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This month I'll be investigating a mix of experimentations, move order ploys and novel ideas. In most cases, the beaten track is left behind quite early, so there are plenty of surprise weapons to inspire! With such a wide range of openings covered, there must be something in there for everyone, so read on.

Download PGN of June ’21 Daring Defences games

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English Defence 4.Bd3 Nc6 5.Nc3 Nb4 [A40]

In Vidit, S - Maghsoodloo, P I quite liked White's queen manoeuvre which involved switching from d3 to g3 at an early stage.

From here, the pressure on g7 (and even c7) can disrupt Black's development, with the additional the option of Bc1-g5 being another plus. Maghsoodloo never really solved his opening difficulties, as White's space bind turned into a dangerous initiative.

Dissecting the moves leading up to the diagram position, Nigel Short used to prefer 8...d6 (rather than 8...Nc6) followed by ...Qd7 with a generally highly-flexible approach. This would be my suggested way to handle Black's game.

English Defence 4.Qc2 Nc6 [A40]

We can almost call 4.Qc2 the Mikhalevski Variation, as he has played it at least nine times on the database. In Mikhalevski, V - Bartel, M he was able to obtain a significant advantage before blundering away his assets late on.

He was, however, no doubt surprised in the opening, as Bartel first of all replied with the rare 4...Nc6 and then after 5.Nf3 unleashed the novelty 5...e5:

At this point, 6.d4-d5 (preferring to annexe space rather than accepting the chance to snatch a pawn) is probably the most pragmatic. However, Mikhalevski opted for the principled 6.dxe5 (perhaps intrigued to see what the opponent then had up his sleeve), but after 6...Bb4+ 7.Nc3 Nge7 8.Bf4 Bartel should have continued with 8...Ng6 9.Bg3 Qe7 to regain the pawn with an acceptable game. So (provisionally) for now, I think that the Polish GM's idea is fine, but if one day it's shown that this novel gambit turns out to be inadequate, then there is always 5...Nb4 6.Qe2 f5 with double-edged play.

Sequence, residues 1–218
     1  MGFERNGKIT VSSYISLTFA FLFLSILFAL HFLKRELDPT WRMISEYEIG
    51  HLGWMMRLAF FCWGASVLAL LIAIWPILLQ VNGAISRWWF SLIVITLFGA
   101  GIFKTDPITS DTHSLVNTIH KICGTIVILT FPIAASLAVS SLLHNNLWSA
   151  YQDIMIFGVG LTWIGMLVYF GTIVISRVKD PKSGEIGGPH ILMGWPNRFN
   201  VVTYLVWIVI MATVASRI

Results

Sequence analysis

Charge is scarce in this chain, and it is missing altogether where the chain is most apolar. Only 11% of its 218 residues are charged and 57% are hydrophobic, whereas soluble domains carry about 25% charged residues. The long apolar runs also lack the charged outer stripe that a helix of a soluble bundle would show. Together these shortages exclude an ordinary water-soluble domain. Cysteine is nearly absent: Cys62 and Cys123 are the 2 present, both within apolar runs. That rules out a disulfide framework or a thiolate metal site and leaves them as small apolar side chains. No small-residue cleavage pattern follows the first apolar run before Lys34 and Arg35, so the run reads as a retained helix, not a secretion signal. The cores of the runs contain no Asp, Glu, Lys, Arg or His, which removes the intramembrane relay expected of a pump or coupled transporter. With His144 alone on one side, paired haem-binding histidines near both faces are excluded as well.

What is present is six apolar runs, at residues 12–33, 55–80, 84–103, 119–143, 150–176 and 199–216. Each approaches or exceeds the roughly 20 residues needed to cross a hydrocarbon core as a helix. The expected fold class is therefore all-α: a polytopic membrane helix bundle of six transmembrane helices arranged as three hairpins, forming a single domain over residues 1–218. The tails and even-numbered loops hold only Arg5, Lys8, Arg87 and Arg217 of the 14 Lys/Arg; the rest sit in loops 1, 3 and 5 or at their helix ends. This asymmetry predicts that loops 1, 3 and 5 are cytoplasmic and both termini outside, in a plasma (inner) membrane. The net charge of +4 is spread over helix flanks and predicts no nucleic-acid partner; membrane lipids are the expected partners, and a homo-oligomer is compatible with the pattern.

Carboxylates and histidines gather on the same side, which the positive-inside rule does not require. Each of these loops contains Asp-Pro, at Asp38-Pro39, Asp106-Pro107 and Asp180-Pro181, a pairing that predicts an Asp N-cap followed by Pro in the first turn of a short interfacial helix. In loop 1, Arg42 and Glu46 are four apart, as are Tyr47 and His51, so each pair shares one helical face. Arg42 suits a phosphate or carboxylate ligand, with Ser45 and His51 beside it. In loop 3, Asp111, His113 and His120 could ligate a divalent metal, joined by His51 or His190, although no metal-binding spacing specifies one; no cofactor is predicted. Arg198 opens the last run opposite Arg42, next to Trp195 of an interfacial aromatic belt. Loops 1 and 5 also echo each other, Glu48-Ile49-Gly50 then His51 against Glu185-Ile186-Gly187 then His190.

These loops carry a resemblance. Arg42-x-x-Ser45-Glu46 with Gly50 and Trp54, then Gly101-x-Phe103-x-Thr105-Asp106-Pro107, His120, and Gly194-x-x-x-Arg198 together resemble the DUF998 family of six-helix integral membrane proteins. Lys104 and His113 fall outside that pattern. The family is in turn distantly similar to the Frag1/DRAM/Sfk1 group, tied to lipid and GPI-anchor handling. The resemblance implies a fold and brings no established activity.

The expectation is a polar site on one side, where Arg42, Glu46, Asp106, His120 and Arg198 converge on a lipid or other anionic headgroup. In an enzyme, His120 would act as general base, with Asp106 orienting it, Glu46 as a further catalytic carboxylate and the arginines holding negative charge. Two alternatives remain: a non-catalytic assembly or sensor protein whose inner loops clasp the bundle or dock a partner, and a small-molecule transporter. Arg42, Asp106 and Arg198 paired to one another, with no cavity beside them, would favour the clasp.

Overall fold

The Accelerated QID 3.Nf3 Bb7 4.g3 g6 [A50]

In Esipenko, A - Timofeev, A with 3.Nf3 and 4.g3 White offers the chance to revert to a nomal QID with 4...e6. Timofeev instead prefers the double-fianchetto approach with 4...g6 which, once met by 5.Nc3, presents Black with some choice:

Here the offbeat options 5...Ne4 and 5...Bxf3 are radical ways of reacting, whereas, not so long ago, Carlsen stuck to the less extravagant 5...Bg7. In the featured game however, Timofeev played in the centre with 5...d5, which after 6.cxd5 Nxd5 led to something of a hotch-potch of systems (but with a definite Neo-Grünfeld flavour). Moving on, in the early middlegame, White was able to harness the energy of his central pawn majority and posed a few problems by creating a passed d-pawn. Along the way, I suggest a possible improvement or two, the first of these being on move ten when I prefer the immediate 10...c5 rather than Timofeev's sluggish approach with 10...Nd7, etc.

The Accelerated QID 4.Qc2 d5 [A50]

In Edouard, R - Maurizzi, MA the following position arose:

The game continued with the disappointing 11.0-0 (sensible, but not that challenging) 11...Nc6 12.e5? (a serious error, as after...) 12...Na5 (...Black was already better).

The fun however starts with 11.Ng5! leading to astonishing complications, where my analysis has (I suspect) only scratched the surface, see the notes for all the entertainment!

Dutch 2.c4 Intro, 3...Bb4 [A84]

In Maurizzi, MA - Narciso Dublan, M the sequence in the opening 3...Bb4 4.Qb3 c5 seemed more 'Nimzo' than 'Dutch'. Indeed, a little later, the diagram position after 10.Qc2...

...looks as if it has arisen from that particular opening, which is one that we don't normally discuss here. Nevertheless, apart from comparing this position with analogous ones in John Emms' Nimzo & Benoni column, we can make some conclusions based on general principles, the main one being that Black's grip on e4 and his dynamic minor pieces should mean that he is fine. This impression is enhanced by the game continuation where it seemed that White was struggling to find a coherent plan. Later, after getting outplayed, Maurizzi's exchange sacrifice made it more difficult for Black to exploit his advantage. Frustration (and time shortage) even led to Narciso Dublan blundering everything away.

Dutch 2.c4 Nf6 3.Nc3 d6 4.Bg5 Nbd7 [A85]

Although White won fairly quickly in Sanal, V - Nikac, P there wasn't anything wrong with Black's opening. On the seventh move, for example, the aggressive 7.h4 could be met by any of three plausible alternatives: 7...c6, 7...0-0 or 7...h6. The latter option being selected by Nikac, a choice that I approve of, as it seems to be the right moment to pose the question to the bishop. A few moves later the diagram position arose: